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Wednesday, May 30, 2018

Aristotle’s Wrongful Death | Opinion - New York Times

Frank Bruni, Op-Ed columnist for The New York Times reports, "History is on the ebb. Philosophy is on the ropes. And comparative literature? Please. It’s an intellectual heirloom: cherished by those who can afford such baubles but disposable in the eyes of others."

Photo: Ben Wiseman, photograph by Hiroshi Higuchi/Photolibrary, via Getty Images

I’m talking about college majors, and talk about college majors is loud and contentious these days. There’s concern about whether schools are offering the right ones. There are questions about whether colleges should emphasize them at all. How does a deep dive into the classics abet a successful leap into the contemporary job market? Should an ambitious examination of English literature come at the cost of acquiring fluency in coding, digital marketing and the like?

Last Sunday The Chronicle of Higher Education published a special report that delved into this debate. One of the stories described what was happening at the flagship campus of the University of Illinois and at Assumption College in Worcester, Massachusetts, casting these developments as different harbingers for higher education.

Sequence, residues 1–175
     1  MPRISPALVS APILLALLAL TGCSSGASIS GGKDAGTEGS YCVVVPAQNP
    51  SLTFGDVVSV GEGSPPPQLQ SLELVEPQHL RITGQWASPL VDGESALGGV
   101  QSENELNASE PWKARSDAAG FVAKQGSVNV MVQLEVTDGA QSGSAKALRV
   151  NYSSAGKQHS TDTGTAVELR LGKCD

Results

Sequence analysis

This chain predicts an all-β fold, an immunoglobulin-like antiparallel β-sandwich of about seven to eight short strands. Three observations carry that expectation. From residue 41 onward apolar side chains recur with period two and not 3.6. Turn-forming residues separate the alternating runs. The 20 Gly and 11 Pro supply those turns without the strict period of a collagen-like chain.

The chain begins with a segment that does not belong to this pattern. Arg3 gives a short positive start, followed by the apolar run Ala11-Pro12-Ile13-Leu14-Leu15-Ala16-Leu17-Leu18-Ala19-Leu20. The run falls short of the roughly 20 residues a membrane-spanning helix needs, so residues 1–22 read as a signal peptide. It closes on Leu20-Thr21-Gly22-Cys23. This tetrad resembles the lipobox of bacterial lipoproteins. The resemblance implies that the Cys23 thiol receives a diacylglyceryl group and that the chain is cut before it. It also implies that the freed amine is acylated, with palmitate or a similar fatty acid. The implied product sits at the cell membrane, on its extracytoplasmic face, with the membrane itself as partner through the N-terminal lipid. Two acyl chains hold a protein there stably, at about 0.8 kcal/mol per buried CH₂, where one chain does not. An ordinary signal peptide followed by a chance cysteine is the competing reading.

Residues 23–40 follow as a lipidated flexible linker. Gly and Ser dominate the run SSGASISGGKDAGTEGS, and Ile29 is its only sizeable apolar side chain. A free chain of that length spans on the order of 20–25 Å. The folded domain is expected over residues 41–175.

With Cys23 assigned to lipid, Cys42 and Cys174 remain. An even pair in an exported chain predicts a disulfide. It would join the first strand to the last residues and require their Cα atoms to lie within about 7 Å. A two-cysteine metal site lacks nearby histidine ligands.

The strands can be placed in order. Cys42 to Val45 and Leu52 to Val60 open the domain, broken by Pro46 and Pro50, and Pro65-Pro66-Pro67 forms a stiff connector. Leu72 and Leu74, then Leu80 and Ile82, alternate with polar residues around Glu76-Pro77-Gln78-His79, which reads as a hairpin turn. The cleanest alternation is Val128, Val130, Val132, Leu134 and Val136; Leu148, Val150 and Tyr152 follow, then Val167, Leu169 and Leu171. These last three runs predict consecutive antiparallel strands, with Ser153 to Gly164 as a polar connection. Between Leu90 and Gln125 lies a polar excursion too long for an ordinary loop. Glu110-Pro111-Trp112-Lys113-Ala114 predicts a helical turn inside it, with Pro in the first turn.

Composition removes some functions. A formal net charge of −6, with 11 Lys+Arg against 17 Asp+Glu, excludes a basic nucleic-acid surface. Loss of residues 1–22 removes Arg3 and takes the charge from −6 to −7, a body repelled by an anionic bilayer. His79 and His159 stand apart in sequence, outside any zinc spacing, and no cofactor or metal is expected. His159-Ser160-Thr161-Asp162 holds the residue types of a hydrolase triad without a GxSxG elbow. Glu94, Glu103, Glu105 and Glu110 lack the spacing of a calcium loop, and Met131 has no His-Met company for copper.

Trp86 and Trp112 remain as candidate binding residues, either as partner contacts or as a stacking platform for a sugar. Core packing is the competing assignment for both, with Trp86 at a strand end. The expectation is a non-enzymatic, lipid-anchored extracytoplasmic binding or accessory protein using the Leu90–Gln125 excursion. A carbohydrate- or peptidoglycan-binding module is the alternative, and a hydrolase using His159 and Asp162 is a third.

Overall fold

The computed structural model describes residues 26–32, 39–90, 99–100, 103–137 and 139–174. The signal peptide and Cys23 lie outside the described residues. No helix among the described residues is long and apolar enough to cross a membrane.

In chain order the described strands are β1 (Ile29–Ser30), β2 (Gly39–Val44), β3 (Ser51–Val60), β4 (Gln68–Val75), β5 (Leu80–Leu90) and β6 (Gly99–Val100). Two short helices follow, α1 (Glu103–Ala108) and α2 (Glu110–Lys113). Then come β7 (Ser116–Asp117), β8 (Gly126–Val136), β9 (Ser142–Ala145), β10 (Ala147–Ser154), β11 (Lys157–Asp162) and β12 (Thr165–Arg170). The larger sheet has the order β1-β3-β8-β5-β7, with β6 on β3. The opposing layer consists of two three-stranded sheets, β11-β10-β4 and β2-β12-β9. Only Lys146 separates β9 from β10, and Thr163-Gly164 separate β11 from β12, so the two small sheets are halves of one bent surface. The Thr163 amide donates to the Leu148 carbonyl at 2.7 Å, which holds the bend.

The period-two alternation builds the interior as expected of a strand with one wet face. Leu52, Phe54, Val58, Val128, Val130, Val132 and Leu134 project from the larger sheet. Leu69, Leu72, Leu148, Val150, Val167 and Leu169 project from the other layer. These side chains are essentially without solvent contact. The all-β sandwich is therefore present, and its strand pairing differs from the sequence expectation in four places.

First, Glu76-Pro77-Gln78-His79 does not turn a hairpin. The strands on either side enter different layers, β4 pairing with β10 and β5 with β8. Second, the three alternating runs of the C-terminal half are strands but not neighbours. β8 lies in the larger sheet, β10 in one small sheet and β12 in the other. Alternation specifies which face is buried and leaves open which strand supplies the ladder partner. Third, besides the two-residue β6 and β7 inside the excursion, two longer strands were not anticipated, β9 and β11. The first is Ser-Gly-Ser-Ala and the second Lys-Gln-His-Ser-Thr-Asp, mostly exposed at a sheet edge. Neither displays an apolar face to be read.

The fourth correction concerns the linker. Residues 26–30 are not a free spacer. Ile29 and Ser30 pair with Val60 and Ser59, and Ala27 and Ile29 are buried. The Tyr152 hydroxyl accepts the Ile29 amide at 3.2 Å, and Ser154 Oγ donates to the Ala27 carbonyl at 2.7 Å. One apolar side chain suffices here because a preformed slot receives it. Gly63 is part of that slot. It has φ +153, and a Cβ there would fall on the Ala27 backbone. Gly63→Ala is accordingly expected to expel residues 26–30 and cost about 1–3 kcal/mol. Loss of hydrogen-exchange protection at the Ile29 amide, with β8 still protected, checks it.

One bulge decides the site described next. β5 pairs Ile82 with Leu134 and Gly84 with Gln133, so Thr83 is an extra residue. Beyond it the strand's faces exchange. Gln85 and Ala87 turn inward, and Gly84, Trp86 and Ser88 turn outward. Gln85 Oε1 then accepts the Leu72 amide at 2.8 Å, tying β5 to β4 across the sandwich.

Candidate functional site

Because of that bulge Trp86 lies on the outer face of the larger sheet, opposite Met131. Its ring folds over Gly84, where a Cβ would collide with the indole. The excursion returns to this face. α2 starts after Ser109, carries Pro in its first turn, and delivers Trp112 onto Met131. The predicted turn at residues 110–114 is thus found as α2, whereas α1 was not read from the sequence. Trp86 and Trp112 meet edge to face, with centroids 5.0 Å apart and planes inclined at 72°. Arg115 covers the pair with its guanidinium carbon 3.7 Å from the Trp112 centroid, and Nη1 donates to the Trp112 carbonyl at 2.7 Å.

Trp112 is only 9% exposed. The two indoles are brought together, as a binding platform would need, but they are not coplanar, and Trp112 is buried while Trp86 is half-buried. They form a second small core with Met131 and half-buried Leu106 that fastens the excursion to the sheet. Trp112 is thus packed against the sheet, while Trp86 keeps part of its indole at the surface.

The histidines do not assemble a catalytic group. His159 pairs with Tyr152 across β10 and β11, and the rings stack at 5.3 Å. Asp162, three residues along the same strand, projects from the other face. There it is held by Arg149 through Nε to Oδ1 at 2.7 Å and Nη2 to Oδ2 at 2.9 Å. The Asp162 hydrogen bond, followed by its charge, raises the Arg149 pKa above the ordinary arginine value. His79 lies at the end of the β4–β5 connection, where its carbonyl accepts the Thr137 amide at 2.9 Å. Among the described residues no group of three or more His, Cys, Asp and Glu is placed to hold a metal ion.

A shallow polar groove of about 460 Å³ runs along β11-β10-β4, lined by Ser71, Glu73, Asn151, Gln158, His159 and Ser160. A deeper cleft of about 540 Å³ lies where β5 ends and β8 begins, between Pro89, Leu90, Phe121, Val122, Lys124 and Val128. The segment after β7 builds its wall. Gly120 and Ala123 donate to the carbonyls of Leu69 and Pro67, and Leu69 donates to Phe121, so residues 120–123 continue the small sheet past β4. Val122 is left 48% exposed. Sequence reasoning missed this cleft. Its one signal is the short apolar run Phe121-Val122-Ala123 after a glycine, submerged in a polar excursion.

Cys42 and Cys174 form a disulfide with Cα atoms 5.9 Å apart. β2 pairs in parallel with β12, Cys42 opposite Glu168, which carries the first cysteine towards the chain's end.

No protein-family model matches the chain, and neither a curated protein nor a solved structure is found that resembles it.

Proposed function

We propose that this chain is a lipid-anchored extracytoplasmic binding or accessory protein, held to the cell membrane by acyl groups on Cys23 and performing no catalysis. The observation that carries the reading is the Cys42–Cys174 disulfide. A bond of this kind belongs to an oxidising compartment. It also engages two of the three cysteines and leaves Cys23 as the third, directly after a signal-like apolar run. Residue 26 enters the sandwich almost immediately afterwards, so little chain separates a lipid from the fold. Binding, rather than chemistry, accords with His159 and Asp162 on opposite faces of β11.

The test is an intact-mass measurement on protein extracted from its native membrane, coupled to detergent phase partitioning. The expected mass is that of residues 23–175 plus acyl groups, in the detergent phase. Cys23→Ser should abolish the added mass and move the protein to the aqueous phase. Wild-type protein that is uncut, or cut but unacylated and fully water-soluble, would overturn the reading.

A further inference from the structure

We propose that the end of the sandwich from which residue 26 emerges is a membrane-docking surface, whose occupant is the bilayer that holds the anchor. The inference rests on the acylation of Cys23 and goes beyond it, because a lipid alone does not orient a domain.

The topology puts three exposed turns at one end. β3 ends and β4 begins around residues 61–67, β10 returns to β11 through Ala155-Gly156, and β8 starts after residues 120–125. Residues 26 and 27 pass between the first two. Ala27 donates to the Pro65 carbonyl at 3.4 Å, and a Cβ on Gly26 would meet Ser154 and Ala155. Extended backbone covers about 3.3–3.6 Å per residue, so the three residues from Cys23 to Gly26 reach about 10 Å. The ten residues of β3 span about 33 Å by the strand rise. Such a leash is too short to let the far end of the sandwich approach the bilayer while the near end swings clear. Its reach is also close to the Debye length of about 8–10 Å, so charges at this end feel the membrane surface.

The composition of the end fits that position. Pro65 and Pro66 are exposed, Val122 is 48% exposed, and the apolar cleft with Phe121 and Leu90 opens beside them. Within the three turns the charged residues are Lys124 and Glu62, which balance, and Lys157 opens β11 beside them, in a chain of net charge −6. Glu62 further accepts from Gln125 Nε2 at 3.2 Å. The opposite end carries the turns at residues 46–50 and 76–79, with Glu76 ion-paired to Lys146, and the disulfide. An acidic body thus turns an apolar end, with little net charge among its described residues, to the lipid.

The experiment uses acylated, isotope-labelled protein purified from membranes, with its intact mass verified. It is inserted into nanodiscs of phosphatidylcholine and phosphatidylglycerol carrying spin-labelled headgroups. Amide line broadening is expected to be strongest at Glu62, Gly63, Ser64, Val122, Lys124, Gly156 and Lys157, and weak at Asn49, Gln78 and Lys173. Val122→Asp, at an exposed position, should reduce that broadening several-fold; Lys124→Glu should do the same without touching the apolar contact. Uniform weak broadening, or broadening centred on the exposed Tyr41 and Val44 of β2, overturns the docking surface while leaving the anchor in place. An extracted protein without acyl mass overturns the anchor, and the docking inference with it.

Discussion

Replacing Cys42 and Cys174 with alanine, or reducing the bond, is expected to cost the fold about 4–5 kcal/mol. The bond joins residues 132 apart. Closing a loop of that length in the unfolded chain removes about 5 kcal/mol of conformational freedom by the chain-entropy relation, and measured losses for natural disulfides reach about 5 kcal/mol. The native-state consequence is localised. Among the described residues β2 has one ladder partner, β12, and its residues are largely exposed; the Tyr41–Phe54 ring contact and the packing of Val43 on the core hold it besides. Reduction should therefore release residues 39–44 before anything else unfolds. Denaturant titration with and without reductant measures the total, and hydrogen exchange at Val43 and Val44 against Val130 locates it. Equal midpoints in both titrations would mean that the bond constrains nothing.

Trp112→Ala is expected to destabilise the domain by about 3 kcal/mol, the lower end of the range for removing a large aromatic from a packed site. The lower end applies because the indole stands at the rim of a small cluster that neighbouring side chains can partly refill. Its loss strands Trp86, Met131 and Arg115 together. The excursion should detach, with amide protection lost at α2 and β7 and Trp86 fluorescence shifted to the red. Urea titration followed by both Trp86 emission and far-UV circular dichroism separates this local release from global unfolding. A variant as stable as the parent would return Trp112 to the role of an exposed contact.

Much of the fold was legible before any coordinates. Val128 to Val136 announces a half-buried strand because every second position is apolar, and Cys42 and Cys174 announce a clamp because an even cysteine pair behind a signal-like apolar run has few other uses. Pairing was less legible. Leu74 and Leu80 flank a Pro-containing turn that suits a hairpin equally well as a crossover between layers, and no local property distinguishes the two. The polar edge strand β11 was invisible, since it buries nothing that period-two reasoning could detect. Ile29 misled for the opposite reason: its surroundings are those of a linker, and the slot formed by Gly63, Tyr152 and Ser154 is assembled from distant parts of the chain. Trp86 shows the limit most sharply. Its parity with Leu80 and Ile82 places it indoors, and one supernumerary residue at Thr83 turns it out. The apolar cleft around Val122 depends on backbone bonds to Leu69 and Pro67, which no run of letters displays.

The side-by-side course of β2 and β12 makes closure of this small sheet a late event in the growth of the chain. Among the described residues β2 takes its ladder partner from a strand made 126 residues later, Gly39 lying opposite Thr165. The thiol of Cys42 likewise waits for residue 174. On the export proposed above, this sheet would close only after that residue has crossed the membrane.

Illinois is pairing certain majors in the liberal arts – for example, anthropology and linguistics – with computer science. Assumption is doing away with a host of traditional majors in favor of new ones geared to practical skills. Goodbye, art history, geography and, yes, classics. Hello, data analytics, actuarial science and concentrations in physical and occupational therapy.

Assumption is hardly an outlier. Last year the University of Wisconsin at Superior announced that it was suspending nine majors, including sociology and political science, and warned that there might be additional cuts. The University of Wisconsin at Stevens Point recently proposed dropping 13 majors, including philosophy and English, to make room for programs with “clear career pathways.”
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Source: New York Times


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